Title:Refusing to Guess in the String Formatting Operation
Version:$Revision: 32 $
Last-Modified:$Date: 2006-04-12 02:30:20 -0700 (Wed, 12 Apr 2006) $
Author:Beni Cherniavsky <cben at>
Type:Standards Track



The string formatting operation - format % values - has a wart. In the face of non-tuple values, it assumes a singleton tuple around it. It's tempting to use this since singleton tuples look ugly but code using this easily breaks (when the single object happens to be tuple).

This PEP proposes several ways to fix this wart.

The problem was discussed repeatedly but the specific solutions proposed in this PEP need more feedback.


In the face of ambiguity, refuse the temptation to guess.

—The Zen of Python, by Tim Peters

The simple use format % (val1, val2, ...) with a tuple is completely robust. However, since frequently there is only one value and singleton tuples are quite awkward to write and read, a shorthand is allowed - when the right object is not a tuple, it's interpreted as if it was wrapped in a singleton tuple.

This shorthand is bad because:

  1. When you pass a single object without the singleton tuple around it, your code will break it the object happens to be a tuple:

    >>> def decorate(obj):
    ...     return '-> %s <-' % obj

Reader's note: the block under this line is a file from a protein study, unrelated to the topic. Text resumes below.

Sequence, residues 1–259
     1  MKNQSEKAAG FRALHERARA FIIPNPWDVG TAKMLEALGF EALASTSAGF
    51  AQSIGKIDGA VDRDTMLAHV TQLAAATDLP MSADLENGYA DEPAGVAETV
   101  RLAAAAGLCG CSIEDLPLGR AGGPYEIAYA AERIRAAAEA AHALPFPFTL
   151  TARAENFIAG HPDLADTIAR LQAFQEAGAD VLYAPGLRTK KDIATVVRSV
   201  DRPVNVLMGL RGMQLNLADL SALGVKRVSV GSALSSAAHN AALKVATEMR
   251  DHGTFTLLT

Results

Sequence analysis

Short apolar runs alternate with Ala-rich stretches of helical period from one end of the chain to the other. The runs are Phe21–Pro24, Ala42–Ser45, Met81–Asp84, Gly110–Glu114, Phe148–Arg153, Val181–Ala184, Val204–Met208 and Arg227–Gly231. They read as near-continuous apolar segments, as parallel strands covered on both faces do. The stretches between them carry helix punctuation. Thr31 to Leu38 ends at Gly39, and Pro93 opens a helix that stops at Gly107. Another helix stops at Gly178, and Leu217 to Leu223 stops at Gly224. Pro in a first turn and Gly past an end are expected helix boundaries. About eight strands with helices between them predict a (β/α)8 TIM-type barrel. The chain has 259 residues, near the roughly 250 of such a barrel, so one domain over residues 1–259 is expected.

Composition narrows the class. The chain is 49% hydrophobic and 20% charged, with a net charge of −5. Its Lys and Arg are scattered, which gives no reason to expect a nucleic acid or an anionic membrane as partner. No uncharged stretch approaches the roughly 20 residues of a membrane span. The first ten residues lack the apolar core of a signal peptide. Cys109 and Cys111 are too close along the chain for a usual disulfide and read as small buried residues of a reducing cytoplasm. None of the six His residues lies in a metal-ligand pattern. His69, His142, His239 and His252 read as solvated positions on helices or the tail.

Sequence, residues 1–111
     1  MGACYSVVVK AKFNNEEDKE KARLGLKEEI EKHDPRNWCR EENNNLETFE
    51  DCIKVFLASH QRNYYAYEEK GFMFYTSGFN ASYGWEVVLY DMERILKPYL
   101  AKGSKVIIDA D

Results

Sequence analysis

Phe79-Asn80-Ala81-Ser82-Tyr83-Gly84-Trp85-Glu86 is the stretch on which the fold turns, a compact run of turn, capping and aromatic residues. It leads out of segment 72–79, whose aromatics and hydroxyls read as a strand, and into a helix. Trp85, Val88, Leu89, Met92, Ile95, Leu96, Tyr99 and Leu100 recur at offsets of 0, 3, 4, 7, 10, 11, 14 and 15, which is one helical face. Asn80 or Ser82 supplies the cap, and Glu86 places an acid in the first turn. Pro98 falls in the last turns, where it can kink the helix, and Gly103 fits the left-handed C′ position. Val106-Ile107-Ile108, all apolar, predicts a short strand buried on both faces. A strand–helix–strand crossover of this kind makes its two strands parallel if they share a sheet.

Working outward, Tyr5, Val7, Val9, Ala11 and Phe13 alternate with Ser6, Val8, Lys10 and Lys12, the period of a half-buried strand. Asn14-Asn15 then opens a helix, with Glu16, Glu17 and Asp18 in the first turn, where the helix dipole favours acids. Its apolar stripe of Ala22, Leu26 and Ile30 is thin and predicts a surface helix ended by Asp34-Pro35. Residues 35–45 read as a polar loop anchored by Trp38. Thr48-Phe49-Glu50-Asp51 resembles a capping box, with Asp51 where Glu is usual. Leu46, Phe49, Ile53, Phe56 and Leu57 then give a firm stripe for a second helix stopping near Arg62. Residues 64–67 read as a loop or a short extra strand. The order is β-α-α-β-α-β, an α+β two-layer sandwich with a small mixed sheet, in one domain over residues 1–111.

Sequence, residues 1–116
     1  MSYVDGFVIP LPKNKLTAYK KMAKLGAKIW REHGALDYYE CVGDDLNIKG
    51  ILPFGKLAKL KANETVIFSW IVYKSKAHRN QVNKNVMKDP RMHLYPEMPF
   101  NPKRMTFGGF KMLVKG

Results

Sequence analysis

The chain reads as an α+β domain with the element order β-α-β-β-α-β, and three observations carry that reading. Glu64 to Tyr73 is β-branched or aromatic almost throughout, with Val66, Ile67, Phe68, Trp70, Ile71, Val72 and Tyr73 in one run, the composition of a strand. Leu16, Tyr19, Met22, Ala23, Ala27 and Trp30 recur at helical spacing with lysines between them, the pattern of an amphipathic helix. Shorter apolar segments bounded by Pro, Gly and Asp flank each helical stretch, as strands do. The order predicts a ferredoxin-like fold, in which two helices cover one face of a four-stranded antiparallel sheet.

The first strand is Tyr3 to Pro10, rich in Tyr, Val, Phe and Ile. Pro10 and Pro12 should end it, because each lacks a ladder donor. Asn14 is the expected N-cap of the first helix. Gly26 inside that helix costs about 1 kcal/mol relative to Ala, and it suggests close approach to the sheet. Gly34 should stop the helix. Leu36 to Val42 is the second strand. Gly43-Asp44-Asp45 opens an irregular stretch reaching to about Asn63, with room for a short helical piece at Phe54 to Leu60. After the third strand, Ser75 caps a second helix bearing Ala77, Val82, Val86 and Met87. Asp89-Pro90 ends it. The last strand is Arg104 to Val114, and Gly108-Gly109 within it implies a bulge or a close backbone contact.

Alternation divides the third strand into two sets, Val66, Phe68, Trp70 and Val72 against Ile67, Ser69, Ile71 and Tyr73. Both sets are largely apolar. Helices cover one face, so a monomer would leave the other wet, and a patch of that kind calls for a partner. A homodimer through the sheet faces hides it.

>>> decorate(1)
    '-> 1 <-'
    >>> decorate((1,))
    '-> 1 <-'           # instead of '-> (1,) <-'
    >>> decorate((1,2))
    Traceback (most recent call last):
      File "<stdin>", line 1, in ?
      File "<stdin>", line 2, in decorate
    TypeError: not all arguments converted during string formatting

    Your program can silently emit wrong results or crash. This is the classic example of the imposibility to create a single robust interface that will accept either an object or a sequence and do the right thing. Any attempt to do so invites bugs. This has bitten many Python newbies and was dicussed many times on comp.lang.python.

  2. This temptation will exist forever under the current design. The purpose of this PEP is to provide altenative ways to format a single object that are as convenient as formating several objects, so that the temptation will disappear.

  3. It is not possible to use sequences other than tuples (e.g. lists) for passing multiple values to the formatting operation, because the sequence is interpreted as a single object. For example, it's useful to be able to use a transparent debugging proxy that logs all accesses isntead of an object; if such a proxy for a tuple is used on the right side of a formatting operation, the transparency breaks. More generally, it's unpythonic to discriminate objects by actual type instead of the interface they implement.

The formatting operator also has a third mode: when the right argument should be a mapping. This mode is triggered deterministically by the "%(...)..." syntax in the format rather than by checking the type of the right argument, so it doesn't need fixing.

Single-value operator


Add a new string operator, /, that will always accept a single value:

>>> '-> %s <-' / 1
'-> 1 <-'
>>> '-> %s <-' / (1 ,)
'-> (1,) <-'

To be always availiable, this would need to be duplicated as both str.__div__ and str.__truediv__.